One of the main criticisms I had of the DJ LeMahieu signing was his general lack of power despite playing in Coors Field. Like almost everything I said about that signing, it’s turned out to be wrong. He’s hit a career high 18 home runs already to go along with a career high .197 ISO (not including Saturday’s game). So what’s behind it?

There are some modest differences in DJLM’s batted ball profile–compared to last year–that suggest some change. For example, he’s upped his line drive rate has ticked up by just over 3% and his ground ball rate has fallen by a little more than 1%. Generally speaking, more liners and fewer grounders mean more power. But the changes are so slight that it’s hard to believe that’s where the uptick in power is coming from. Let’s focus on the line drives for a minute.

Despite being almost universally good, line drives are like all batted ball types in that they’re not all created equally. This year, contrary to what the previous paragraph might suggest, DJLM is actually hitting to a lower average on liners with a lower slugging percentage than last year: .648 and .841 this year versus .688 and .875 last year. Despite that, his ISO this year is a touch higher on line drives at .193, a career high.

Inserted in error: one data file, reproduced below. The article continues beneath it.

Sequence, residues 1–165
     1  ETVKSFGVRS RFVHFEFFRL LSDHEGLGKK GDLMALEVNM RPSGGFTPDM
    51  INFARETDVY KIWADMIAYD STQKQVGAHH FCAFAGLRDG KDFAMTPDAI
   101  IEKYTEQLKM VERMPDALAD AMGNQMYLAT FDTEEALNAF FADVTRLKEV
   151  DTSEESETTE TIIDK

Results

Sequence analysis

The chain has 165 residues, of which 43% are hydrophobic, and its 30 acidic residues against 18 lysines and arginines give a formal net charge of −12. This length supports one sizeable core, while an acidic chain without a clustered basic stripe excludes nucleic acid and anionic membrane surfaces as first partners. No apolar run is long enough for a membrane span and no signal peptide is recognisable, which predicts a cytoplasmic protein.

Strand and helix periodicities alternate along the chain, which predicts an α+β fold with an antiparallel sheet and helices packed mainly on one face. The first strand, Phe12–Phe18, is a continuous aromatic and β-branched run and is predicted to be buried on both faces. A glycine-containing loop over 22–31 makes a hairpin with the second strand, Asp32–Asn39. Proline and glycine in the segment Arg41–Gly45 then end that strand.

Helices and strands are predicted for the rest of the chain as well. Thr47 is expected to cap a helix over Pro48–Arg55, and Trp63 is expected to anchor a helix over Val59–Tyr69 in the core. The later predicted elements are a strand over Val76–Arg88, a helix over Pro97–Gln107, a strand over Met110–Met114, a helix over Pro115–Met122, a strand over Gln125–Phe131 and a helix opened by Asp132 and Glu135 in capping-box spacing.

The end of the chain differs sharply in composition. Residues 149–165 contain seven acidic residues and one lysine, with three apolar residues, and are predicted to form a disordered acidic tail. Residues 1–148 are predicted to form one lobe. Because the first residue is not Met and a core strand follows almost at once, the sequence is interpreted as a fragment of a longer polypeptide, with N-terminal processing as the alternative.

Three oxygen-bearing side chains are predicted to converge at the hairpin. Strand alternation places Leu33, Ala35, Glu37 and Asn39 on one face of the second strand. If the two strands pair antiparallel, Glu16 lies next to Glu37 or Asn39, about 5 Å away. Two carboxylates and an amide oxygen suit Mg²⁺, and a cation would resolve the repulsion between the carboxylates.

The focus here is on grounders and line drives because that’s the sort of hitter LeMahieu is. However, in digging for the reason behind his power surge, I stumbled upon some productivity in the fly balls he’s hit, something we wouldn’t normally expect from him.

DJ is hitting .337 on fly balls this year, a career high by far. His .980 SLG on fly balls is also a career high, and, thus, so is his .643 ISO. There’s a conscious effort behind this, too, it seems. He’s upped his opposite field percentage on fly balls to 47%. While this isn’t quite as high as it’s been in the past, it’s an increase over last year and one that makes sense given where he plays his home games now. If you’re a right handed hitter with opposite field power, hitting the ball higher, harder, and to right field makes a lot of sense in Yankee Stadium.

The Yankees hit an absolute home run–pun intended–with this signing. They saw a nominally good hitter and have done something to turn him into an even better one. Whatever they’re preaching to hitters they acquire from other teams is clearly working, as evidenced by DJLM, Luke Voit, Gio Urshela, and Mike Tauchman. LeMahieu has produced and been healthy, a pair seldom seen on the 2019 Yankees. It’s not a stretch to say he’s been the team MVP and he’ll likely get some consideration for the AL MVP award, even if I don’t think he should win it. Then again, given how wrong I’ve been about this signing, you never know.